When the UK was granted its latest extension to the Brexit deadline back in April, Donald Tusk, President of the European Council, practically begged us to make good use of the time and sort ourselves out before the new exit date of 31 October. “Please do not waste this time,” he said, sounding like a parent having to bail out their child after yet another football-related accident in the neighbour’s garden. ‘I’m not angry, just disappointed.’
Britain responded roughly as you might expect; the Prime Minister resigned and, rather than getting down and dirty with the details of Brexit, we are set to spend the next six weeks pontificating about our great nation and our values and ideas and visions (and drugs, probably). The days of the UK being the sick man of Europe are long gone. These days, Britain is the rebel child. Our parents gave us some money to help with our studies and we spent it on a navel piercing and a crazy weekend in Mykonos.
The Conservative leadership contest will not be a total waste of time, of course. At the very least, it is reminding us that there is a world beyond Brexit and the painstaking intricacies of the inner workings of Parliament which have occupied our political discourse for what seems like a few decades. It allows us – and, crucially, MPs – to take a much-needed break from staring into the abyss of the parliamentary stalemate and return to the real world (or, at least, as close as it is possible to get to the real world within the Westminster bubble).
Much has been made of the long list of eager Tory hopefuls who rather fancy having a crack at being Prime Minister. And yet, just three days into the contest, almost half of the contenders are out of the race. Three dropped out before it began, and another three were eliminated in today’s first round of voting. Soon, there will be just two candidates: Boris and his Stop Boris rival.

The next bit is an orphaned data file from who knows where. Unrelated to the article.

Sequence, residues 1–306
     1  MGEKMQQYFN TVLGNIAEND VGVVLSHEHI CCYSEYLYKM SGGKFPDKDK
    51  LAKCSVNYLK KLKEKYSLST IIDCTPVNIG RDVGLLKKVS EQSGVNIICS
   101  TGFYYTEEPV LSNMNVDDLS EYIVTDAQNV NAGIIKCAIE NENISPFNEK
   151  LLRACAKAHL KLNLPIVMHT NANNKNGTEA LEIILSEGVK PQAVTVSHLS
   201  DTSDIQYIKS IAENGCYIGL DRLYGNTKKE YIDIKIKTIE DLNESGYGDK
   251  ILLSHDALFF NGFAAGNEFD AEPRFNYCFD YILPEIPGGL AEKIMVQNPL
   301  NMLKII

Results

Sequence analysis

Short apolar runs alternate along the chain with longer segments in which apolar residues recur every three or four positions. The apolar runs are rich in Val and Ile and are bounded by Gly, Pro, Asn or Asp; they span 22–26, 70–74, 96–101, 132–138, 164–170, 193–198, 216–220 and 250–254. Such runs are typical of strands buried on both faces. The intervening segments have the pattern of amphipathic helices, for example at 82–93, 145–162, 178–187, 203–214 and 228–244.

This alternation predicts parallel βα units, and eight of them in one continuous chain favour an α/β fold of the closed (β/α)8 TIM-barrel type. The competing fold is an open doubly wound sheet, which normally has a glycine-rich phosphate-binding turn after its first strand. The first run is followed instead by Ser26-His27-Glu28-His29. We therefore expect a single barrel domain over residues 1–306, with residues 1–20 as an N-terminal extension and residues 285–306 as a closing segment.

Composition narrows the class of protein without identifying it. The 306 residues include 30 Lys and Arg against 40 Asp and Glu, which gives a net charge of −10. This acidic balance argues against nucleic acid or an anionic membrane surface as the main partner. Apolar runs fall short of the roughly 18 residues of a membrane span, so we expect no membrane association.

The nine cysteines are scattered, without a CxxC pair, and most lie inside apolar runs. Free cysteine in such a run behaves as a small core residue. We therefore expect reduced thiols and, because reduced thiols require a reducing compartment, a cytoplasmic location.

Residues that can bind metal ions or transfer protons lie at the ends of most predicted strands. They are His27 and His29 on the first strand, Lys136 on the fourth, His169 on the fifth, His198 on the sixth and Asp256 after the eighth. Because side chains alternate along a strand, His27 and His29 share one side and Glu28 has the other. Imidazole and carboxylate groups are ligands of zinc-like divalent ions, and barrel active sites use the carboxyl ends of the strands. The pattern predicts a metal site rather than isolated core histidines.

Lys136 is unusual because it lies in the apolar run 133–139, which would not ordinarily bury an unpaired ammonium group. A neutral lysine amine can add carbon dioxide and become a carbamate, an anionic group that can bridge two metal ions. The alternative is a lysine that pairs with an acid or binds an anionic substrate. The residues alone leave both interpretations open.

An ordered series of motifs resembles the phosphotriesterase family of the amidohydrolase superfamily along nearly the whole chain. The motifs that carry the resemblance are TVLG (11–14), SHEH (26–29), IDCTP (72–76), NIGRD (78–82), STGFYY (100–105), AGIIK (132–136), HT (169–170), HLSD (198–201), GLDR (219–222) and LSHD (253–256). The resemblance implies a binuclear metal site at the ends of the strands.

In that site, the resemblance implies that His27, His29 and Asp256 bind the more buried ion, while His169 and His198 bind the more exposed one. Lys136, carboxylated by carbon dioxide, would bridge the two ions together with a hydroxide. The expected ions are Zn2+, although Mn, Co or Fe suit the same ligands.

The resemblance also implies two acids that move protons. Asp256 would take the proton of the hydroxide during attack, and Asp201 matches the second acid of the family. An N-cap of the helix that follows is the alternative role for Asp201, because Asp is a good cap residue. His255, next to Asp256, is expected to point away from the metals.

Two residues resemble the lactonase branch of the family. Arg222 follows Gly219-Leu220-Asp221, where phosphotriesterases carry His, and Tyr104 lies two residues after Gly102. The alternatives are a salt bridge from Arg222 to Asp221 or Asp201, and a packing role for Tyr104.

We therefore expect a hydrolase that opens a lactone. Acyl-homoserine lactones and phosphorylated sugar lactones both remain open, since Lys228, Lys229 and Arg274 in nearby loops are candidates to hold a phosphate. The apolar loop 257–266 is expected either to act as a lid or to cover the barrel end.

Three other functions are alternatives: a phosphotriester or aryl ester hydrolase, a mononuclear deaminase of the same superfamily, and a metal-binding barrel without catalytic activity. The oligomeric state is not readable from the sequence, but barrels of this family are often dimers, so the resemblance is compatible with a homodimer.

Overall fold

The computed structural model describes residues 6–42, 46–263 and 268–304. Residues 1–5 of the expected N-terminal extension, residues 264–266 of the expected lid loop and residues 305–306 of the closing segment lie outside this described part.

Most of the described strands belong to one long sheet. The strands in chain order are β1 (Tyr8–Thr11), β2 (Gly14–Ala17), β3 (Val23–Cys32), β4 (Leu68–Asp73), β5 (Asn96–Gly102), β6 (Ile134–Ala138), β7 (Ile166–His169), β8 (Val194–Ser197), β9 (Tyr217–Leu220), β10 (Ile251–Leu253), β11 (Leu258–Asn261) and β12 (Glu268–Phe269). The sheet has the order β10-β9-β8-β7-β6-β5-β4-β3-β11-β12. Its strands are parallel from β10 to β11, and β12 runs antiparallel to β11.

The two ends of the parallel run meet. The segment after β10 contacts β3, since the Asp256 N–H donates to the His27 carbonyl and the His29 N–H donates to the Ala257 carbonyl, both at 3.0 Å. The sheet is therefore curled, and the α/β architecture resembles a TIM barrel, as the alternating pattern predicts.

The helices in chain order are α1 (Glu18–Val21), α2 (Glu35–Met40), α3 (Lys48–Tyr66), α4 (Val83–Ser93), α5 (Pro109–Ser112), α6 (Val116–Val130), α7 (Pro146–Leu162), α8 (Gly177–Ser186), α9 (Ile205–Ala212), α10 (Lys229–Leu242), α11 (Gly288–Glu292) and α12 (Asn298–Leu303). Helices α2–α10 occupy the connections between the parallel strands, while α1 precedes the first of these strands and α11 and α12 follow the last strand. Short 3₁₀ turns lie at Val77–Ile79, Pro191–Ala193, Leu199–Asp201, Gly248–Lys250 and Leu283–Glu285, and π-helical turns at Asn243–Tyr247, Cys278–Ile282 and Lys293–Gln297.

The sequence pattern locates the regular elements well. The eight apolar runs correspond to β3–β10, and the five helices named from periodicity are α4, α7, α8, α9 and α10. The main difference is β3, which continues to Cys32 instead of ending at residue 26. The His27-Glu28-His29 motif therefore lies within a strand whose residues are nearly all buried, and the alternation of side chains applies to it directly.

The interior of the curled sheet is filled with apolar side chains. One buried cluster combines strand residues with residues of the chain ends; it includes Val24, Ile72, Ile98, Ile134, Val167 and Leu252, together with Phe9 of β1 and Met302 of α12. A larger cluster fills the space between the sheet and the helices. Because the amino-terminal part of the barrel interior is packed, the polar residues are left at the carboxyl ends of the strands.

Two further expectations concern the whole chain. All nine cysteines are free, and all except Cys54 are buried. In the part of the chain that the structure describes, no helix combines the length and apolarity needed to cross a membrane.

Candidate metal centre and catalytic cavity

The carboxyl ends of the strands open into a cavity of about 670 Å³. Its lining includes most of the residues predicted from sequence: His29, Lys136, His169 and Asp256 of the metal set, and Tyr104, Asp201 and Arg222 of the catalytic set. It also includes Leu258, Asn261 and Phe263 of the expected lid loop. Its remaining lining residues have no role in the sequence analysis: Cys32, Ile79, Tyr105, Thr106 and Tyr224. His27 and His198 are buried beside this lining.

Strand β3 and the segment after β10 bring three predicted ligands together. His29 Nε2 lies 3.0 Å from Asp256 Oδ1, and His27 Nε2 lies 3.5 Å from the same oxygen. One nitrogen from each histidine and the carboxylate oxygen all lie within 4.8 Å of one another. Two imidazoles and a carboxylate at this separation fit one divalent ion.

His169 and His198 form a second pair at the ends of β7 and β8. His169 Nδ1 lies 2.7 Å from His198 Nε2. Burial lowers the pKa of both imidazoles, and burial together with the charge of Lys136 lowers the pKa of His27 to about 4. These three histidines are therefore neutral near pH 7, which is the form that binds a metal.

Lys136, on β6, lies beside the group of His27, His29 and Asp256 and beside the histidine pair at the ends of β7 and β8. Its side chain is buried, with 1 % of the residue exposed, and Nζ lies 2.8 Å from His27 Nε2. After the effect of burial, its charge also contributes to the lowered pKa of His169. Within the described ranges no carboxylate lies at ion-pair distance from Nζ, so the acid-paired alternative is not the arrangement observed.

Boris Johnson has been a leader-in-waiting for years now. He was robbed of his key to Number 10 in 2016 but managed to worm his way into the top end of Cabinet, before duly resigning out of grandiose outrage and Brexit righteousness two years later. He was always going to be Theresa May’s natural successor when her doomed premiership eventually bit the dust, and his price for his conditional and temporary support of her Withdrawal Agreement in March seemed to be her resignation.
His position as frontrunner in the race was guaranteed long before he entered it. We all know Boris. He is the uncle who we haven’t seen all that much of lately but is always a warm and friendly face at family gatherings. He’s always terrible at charades and we have to watch him on the brandy, but he is a familiar figure and an ultimately comforting presence.
We know he can win elections. He won two terms as Mayor of London, a very obviously Labour city, and the polling consistently shows how popular he is, both with the Conservative Party membership and with the electorate as a whole. He has served as a senior minister and he has all the required credentials on Brexit. He is, and always was, the obvious choice.
Now that the also-rans have largely been dispensed with, it is clearer than ever just how easily accessible Johnson’s path to Downing Street is. The preferred candidate of the Stop Boris caucus, Michael Gove, turned out to be a cocaine-addled tax-slasher, so the group’s support is now splintered three ways with Jeremy Hunt and Sajid Javid. While significant players like Amber Rudd squandered their role as kingmakers, Johnson was busy rebranding himself as a One Nation Brexiteer, thereby bringing together supporters from every corner of the party and making himself essentially unbeatable.
The only other candidates who have survived this long are excitable youngsters Matt Hancock and Rory Stewart. Hancock’s campaign never really got off the ground and Stewart, despite generating a great deal of noise among Very Online People by launching his public profile from zero to a hundred in the space of a nanosecond, has failed to spend anywhere near enough time and effort canvassing his fellow MPs. As a result, defiant as he may be, the prospect of him progressing beyond the second round of voting looks very slim indeed.
Johnson’s victory in today’s first round of voting was as resounding as anyone could have reasonably expected. What’s more, as riveting peaks behind the curtain have revealed, his campaign operation is terrifyingly slick. He and his friends have been waiting for this moment for a very long time, and the substantial lead he currently enjoys on the other candidates is hard-earned and well-deserved.
Boris Johnson is as close to his premiership as he ever has been. So long as he can avoid accidentally burning down the Palace of Westminster or committing some other faux-pas of similarly astronomical proportions in the next six weeks, it will be him who leads the UK out of the EU later this year.